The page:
Patricia Wrightson

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Patricia Wrightson
Born Alice Patricia Furlonger
(1921-07-19)19 July 1921
Lismore, New South Wales, Australia
Died March 15, 2010(2010-03-15) (aged 88)
Lismore, New South Wales, Australia
Occupation Writer, editor
Language English
Nationality Australian
Period 1955–?
Genres Children's literature, folklore, magic realism
Subjects Fantasy (nonfiction)
Notable award(s) Hans Christian Andersen Award for Writing
1988
Order of the British Empire

Patricia Wrightson OBE (19 June 1921 – 15 March 2010) was an Australian writer of several highly regarded and influential children's books.[1] Her reputation came to rest largely on her magic realist titles. Her books, including the widely praised The Nargun and The Stars (1973), were among the first Australian books for children to draw on Australian Aboriginal mythology.[2] Her 27 books have been published in 16 languages.[3]

For her "lasting contribution" as a children's writer she received the biennial Hans Christian Andersen Medal in 1986.[4][5]

Literary career[edit]

She was born on 19 June 1921 in Lismore, New South Wales. Her formal education came largely through a state correspondence school set up for children in the country.[2] During World War II, she worked in a munitions factory in Sydney. In the mid-60s she became assistant editor, and later editor, of the School Magazine, a literary publication for children.[2]

She wrote 27 books during her lifetime and entwined Australian Aboriginal mythology into her writing. As her writing developed, Wrightson's work revealed two key characteristics: her use of Aboriginal folklore, with its rich fantasy and mystery, and her understanding of the importance of the land.

She died of "natural causes" on 15 March 2010, a few days after entering a New South Wales hospital.[3]

The Patricia Wrightson Award for Children's Literature was established in 1979 in her honour.[citation needed]

Awards[edit]

The biennial Hans Christian Andersen Award conferred by the International Board on Books for Young People is the highest career recognition available to a writer or illustrator of children's books. Wrightson was a runner-up for the writing award in 1984 and won it in 1986.[4][5] The illustration winner that year was Robert Ingpen, who had collaborated with Wrightson on The Nargun and the Stars (1973), her fantasy novel based on Aboriginal mythology. They remain the only Australians among more than 60 Andersen Medal recipients.[4]

Wrightson was made an officer of the Order of the British Empire in 1977[6] and she won the Australian Dromkeen Medal in 1984, also for her cumulative service to children's literature.[7][8]

Many of her books made the shortlist for the annual Australian Children's Book of the Year Award, which she won four times: in 1956 for her debut novel The Crooked Snake, in 1974 for The Nargun and The Stars, in 1978 for The Ice is Coming and in 1984 for A Little Fear.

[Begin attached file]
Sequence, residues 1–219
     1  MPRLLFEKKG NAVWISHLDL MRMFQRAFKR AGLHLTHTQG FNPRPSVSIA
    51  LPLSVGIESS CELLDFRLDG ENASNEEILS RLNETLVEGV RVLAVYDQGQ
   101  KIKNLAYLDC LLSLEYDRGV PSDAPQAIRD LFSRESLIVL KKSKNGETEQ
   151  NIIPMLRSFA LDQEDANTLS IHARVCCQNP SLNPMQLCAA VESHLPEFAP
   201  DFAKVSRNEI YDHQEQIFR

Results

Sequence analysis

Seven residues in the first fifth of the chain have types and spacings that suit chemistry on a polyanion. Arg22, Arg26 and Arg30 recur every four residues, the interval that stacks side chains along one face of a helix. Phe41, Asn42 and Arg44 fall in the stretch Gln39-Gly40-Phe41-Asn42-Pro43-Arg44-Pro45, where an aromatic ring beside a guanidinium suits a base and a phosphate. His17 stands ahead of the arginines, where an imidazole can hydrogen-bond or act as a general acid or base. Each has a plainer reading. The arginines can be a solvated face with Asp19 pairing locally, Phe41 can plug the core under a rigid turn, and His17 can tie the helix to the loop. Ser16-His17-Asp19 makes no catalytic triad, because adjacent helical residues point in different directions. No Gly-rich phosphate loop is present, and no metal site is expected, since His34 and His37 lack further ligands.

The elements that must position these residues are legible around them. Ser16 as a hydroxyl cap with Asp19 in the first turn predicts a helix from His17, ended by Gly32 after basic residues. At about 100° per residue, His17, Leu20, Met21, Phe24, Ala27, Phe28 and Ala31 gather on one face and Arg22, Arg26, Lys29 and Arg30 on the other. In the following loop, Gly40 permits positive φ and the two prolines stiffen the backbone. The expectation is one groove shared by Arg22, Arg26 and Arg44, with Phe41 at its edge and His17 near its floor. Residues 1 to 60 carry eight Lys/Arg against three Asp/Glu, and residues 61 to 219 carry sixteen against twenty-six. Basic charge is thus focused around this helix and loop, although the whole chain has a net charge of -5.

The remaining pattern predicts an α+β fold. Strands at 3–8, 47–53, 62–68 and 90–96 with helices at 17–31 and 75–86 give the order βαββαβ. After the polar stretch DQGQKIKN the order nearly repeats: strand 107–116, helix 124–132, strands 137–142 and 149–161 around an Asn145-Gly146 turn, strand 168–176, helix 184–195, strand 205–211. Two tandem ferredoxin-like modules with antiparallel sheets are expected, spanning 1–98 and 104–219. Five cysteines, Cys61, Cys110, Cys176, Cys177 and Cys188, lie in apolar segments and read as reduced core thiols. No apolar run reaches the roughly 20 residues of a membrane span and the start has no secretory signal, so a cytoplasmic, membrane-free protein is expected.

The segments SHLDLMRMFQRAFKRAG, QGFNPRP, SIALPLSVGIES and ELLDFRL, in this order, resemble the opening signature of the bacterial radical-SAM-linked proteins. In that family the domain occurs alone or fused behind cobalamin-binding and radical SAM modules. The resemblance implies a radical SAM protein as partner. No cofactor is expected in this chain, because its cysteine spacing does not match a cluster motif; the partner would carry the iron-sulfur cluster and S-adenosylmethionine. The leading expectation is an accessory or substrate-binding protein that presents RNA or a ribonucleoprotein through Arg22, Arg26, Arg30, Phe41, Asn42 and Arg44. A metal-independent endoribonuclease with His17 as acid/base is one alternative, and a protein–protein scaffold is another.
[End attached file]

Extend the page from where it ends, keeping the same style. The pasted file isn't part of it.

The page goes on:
Wrightson won the Ditmar Award from the annual Australian National Science Fiction Convention in 1982 for Behind the Wind, as the year's Best Long Australian Science Fiction or Fantasy.

Selected works[edit]

  • The Crooked Snake (1955). Winner CBA Book of the Year 1956.
  • The Bunyip Hole (1958). Commended CBA Book of the Year 1959.
  • The Rocks of Honey (1960)
  • The Feather Star (1962). Commended CBA Book of the Year 1963.
  • Down to Earth (1965)
  • A Racecourse for Andy (1968)
  • I Own the Racecourse! (1968). Highly commended CBA Book of the Year 1969.
  • Beneath the Sun: an Australian collection for children (1972)
  • An Older Kind of Magic (1972). Highly commended CBA Book of the Year 1973.
  • The Nargun and the Stars (1973). Winner CBA Book of the Year 1974.
  • Emu Stew: an illustrated collection of stories and poems for children (1976)
  • The Human Experience of Fantasy (1978)
  • Night Outside (1979)
  • Journey Behind the Wind (1981)
  • A Little Fear (1983). Winner CBA Book of the Year 1984.
  • The Haunted Rivers (1983)
  • Moon-Dark (1987)
  • The Song of Wirrun (1987)
    • The Ice Is Coming (1977). Winner CBA Book of the Year 1978.
    • The Dark Bright Water (1978)
    • Behind the Wind aka Journey Behind the Wind (1981) Highly commended CBA Book of the Year 1982.
  • Manmorker (1989)
  • Balyet (1989). Shortlist CBA Book of the Year: Older Readers 1990.
  • The Old, Old Ngarang (1989)
  • The Sugar-Gum Tree (1991). Shortlist CBA Book of the Year: Younger Readers 1992.
  • Shadows of Time (1994)
  • Rattler's Place (1997). Honour Book CBA Book of the Year: Younger Readers 1998 (in Aussie Bites series)
  • The Water Dragons (in Aussie Bites series)

See also[edit]

References[edit]

  1. ^ Obituary The Times, 23 April 2010.
  2. ^ a b c Eccleshare, Julia (9 May 2010). "Patricia Wrightson obituary: Australian children's author inspired by Aboriginal folklore". The Guardian.
  3. ^ a b McGuirk, Rod (March 2010). "Australian author Patricia Wrightson dies at 88". Reprint at Tributes.com. Associated Press. Retrieved 29 July 2013. 
  4. ^ a b c "Hans Christian Andersen Awards". International Board on Books for Young People (IBBY). Retrieved 29 July 2013.
  5. ^ a b "Patricia Wrightson" (pp. 73–74, by Eva Glistrup). "Candidates for the Hans Christian Andersen Awards 1956–2002" (pp. 110–18).
    The Hans Christian Andersen Awards, 1956–2002. IBBY. Gyldendal. 2002. Hosted by Austrian Literature Online (literature.at). Retrieved 29 July 2013.
  6. ^ It's an Honour website
  7. ^ "Dromkeen Medal". Scholastic. Retrieved 15 July 2007. 
  8. ^ "About the Author". In Patricia Wrightson, The Nargun and The Stars, Puffin Books, 1973. ISBN 0-14-030780-X.

External links[edit]